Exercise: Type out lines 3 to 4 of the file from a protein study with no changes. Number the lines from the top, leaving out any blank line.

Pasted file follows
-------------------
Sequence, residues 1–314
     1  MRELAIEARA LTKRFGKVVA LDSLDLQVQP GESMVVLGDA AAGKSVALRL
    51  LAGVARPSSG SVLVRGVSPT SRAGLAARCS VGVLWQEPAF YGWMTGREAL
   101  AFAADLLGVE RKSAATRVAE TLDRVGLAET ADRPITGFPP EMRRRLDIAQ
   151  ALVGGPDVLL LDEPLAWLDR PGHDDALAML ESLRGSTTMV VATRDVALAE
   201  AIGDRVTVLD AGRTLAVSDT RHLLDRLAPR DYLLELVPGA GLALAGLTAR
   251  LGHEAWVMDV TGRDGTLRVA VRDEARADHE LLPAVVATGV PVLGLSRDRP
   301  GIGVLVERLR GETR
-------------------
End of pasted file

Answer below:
    51  LAGVARPSSG SVLVRGVSPT SRAGLAARCS VGVLWQEPAF YGWMTGREAL
   101  AFAADLLGVE RKSAATRVAE TLDRVGLAET ADRPITGFPP EMRRRLDIAQ